“The war was raging a long way off, but Rhylites of a nervous disposition may have been unsettled by an event in the early hours of Wednesday 15th November. A fierce blaze broke out at Hampson & James, chemists, at 25 High Street . . . The shop went on fire in a cacophony of exploding bottles and falling glass, and there were spectacular colour effects as the chemicals went up in flames. The premises were gutted, and in the studio of Miss Pat Williams upstairs some equipment was destroyed. Mr. Habesch next door had a narrow escape.”

--

Re: the Sussex Street address, Nos. 2-6 are now flats.

--

QUIZ ANSWER # 70

Last Wednesday I posted a larger version of this photograph on which a street sign is blanked out. The question: What is the missing name?

The answer: Spruce Avenue.

The winners: Dorothy Jones, Geoff Hughes, Jane Shuttle, Pauline Hammans, Richard & Ceri Swinney, Sue Handley and The Great Gareth.

--

QUIZ ANSWER # 69

Last Wednesday I posted a larger version of this photograph on which a street sign is blanked out.
The question: What is the missing name?

The answer: Llys Eirlys.

The winners: Dorothy Jones, Geoff Hughes, Jane Shuttle, Julie Morgan, Pauline Hammans, Richard & Ceri Swinney and The Great Gareth.

--

Wednesday, 4 August 2010

QUIZ QUESTION # 70

This photograph was taken a couple of days ago in Rhyl by Yours Truly. There is a street sign blanked out.
The question: What is the missing name?

ALL readers sending the right answer shall be credited with a WIN.
No second tries accepted!

The closing date is Tuesday 10th August 2010 at 12 noon and the result will be published on this site the day afterwards. Please send your answer by email to: rhyl.colin.jones@live.co.uk

--

QUIZ QUESTION # 69

This photograph was taken a couple of days ago in Rhyl by Yours Truly. Near the centre of picture there is a street sign blanked out. The question:
What is the missing name?

ALL readers sending the right answer shall be credited with a WIN.
No second tries accepted!

The closing date is Tuesday 10th August 2010 at 12 noon and the result will be published on this site the day afterwards. Please send your answer by email to: rhyl.colin.jones@live.co.uk

--

ABBEY WHERE?

Abbey GardensPromenade, Boating poolThe black-and-white card above is postmarked 1925 and is written in faded pencil to Miss May Morrison of Wolverhampton. The picture indicates that the area of promenade immediately westwards of Coliseum Theatre, top of Abbey Street, once bore the name Abbey Gardens.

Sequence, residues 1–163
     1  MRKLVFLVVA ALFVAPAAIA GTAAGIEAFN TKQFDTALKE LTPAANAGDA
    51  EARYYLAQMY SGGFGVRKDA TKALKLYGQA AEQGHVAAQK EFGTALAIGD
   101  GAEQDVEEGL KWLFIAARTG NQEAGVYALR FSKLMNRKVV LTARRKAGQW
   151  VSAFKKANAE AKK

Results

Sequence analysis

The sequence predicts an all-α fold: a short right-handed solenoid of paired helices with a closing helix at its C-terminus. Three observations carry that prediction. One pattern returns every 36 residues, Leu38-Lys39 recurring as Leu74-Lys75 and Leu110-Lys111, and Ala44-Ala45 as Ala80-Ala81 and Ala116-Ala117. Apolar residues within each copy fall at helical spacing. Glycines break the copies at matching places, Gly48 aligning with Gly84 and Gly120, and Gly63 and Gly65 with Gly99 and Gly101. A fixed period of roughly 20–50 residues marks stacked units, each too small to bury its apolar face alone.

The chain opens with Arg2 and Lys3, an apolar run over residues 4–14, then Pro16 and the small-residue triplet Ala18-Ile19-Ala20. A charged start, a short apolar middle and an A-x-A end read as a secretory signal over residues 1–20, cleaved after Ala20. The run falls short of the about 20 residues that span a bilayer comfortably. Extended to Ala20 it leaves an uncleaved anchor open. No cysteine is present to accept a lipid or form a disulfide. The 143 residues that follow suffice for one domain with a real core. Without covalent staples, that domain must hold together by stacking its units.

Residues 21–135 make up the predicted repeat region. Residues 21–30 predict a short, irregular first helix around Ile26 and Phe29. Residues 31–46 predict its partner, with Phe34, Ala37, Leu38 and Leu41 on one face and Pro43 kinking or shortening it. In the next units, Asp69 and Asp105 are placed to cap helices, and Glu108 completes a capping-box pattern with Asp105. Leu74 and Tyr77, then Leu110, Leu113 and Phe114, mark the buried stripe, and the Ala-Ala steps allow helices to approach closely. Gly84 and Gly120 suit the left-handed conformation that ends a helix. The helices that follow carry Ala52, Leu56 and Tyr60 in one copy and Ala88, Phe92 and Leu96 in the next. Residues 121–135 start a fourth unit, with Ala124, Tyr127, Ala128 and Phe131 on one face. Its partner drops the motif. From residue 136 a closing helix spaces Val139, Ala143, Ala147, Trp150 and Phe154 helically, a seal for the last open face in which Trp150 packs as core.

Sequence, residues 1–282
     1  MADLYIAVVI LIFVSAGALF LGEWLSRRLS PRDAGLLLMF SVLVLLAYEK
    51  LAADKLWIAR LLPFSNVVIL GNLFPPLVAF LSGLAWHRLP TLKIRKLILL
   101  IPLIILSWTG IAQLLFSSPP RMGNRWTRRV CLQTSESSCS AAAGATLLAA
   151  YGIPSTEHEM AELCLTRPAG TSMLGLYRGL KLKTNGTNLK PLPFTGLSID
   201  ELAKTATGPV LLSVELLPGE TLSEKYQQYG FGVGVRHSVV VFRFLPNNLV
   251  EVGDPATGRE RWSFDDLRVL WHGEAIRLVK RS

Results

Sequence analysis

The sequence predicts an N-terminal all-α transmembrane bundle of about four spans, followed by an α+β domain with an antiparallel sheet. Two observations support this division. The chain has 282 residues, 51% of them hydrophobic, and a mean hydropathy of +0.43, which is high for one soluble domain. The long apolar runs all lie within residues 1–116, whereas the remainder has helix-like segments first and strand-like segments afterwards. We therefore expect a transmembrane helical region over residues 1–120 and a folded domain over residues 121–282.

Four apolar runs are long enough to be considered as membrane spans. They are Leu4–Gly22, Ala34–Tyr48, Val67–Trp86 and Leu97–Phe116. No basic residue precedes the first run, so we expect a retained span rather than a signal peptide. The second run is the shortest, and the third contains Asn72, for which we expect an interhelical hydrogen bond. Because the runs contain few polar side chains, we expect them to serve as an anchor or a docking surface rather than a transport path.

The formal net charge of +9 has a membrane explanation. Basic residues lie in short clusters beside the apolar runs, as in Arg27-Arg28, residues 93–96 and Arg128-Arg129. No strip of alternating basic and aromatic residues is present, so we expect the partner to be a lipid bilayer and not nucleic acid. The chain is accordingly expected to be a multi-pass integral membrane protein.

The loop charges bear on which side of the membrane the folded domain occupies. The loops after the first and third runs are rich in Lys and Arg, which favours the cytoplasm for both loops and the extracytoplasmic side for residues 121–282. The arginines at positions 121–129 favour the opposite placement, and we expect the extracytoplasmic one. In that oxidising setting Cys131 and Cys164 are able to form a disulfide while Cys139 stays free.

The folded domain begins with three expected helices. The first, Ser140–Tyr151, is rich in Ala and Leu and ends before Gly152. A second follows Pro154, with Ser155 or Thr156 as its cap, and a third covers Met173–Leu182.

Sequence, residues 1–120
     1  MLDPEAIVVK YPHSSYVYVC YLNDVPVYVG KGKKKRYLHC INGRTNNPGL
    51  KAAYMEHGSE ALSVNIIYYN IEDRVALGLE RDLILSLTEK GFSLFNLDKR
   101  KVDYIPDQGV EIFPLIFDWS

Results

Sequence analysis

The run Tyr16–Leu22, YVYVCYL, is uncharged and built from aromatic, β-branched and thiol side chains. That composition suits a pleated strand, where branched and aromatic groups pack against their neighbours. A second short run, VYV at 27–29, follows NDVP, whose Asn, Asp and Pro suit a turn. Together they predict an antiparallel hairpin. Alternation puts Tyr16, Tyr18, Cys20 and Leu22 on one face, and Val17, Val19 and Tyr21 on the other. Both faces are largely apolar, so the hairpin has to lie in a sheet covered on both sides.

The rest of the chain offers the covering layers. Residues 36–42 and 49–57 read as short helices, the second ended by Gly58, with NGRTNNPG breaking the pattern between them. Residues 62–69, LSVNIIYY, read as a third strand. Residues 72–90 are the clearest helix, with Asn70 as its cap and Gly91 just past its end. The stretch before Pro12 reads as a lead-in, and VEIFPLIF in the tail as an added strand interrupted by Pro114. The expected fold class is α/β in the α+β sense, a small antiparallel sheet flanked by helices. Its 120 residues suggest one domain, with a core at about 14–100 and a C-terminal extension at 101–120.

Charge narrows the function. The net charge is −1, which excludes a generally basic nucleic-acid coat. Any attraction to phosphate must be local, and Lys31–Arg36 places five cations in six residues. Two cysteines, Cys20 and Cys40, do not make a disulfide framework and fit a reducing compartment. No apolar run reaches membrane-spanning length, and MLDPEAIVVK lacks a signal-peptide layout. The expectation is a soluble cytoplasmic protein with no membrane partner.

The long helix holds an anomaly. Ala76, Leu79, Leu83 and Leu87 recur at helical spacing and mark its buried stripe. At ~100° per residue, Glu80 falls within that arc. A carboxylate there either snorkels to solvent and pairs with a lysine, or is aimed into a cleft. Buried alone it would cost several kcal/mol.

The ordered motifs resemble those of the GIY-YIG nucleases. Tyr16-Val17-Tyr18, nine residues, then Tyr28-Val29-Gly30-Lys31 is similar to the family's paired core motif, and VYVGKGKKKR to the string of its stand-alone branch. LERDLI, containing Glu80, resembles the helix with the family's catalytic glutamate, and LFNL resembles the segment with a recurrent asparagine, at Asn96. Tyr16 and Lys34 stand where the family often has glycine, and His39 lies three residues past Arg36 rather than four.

Abbey Gardens in due course became a boating pool as shown in the colour card which is postmarked 1968 and sent to S. Pearce, also of Wolverhampton. The prom space under advisement is now part of the Drift Park development.

--

QUIZ ANSWER # 68

Rhyl WestLast Wednesday I posted these photographs and asked:
Re: the upper photo:
(a) What is the name of the street in which I was standing?
(b) What is on the other side of the fence on the left of the picture?
Re: the lower photo:
(c) What is the name of the street in which I was standing?
(d) What is the name of the street at the far end of the alley?

The answers:
(a) Gordon Avenue
(b) Playground for ball games, or MUGA (Multi Use Games Area)
(c) Aquarium Street
(d) Gronant Street

The winners:
Dorothy Jones, Geoff Hughes, Jane Evans, Jane Shuttle, Pauline Hammans, Richard & Ceri Swinney, Sue Handley, The Great Gareth, The Legendary Lloyd & Kerry, Wayne Chadwick.

--

SNAP HAPPY

The names Mr. & Mrs. Jno. Williams turn up a lot on old Rhyl photos, especially portraits. It seems that Jno was a common way of abbreviating the name John. The picture above was sent by John Powell, or perhaps we could say Jno. Powell, who wonders where in High Street the The White Shop, Portland Studio was.

Cobbling together information received from Mike Lewis-Jones in Australia and Geoff Hughes, the picture is that the studio was opposite what is now The Piazza restaurant, formerly Plaza Cinema. It was above Hampson & James the chemist, 27 High Street (recently the Oggi Oggi bakery & coffee shop).

Eventually the Williams' business was taken over by Pat Williams (family relation maybe) who continued to use the name Portland Studio. Pat was a female professional photographer who was mentioned recently on this blog in connection with a Rhyl Golf Club publication c.1950.

Mike and Geoff confirm that subsequently Pat's business was taken over by Bob Jones who is still well remembered by Rhyl residents. Geoff says:

"Bob Jones hailed from Pwllheli or somewhere thereabouts. At first he traded with the name Pat Williams in brackets after his own name. Later Bob moved from High Street to a studio in Bodfor Street adjoining the Wynnstay Hotel (he rented rather than owned the property).

"I vividly remember trooping upstairs to that studio with my parents and three siblings to have a family photograph taken in 1967/8. (I was eleven at the time.)

"Bob later bought premises at 10 Kinmel Street and moved his studio there (the shop is now the Eastern Delight takeaway). Tragically he became terminally ill and the business was taken over by Graeme Thomas who had worked for Bob for some years."


--

SUN 15th MAR 2015: From files of the late Glyn Rees here is an undated photo showing a Pat Williams sign in a differing place in High Street, near Boots chemist. Glyn's notes say that this was known as Magnet Studio and the address is Magnet Buildings.

Click on the picture to see a bigger version:

Magnet

--

THU 7th MAY 2015 UPDATE: An old advert elsewhere in Glyn's collection reveals that the Portland Studio was at No.8 High Street. This could mean that at some point the street was numbered the other way round. 

--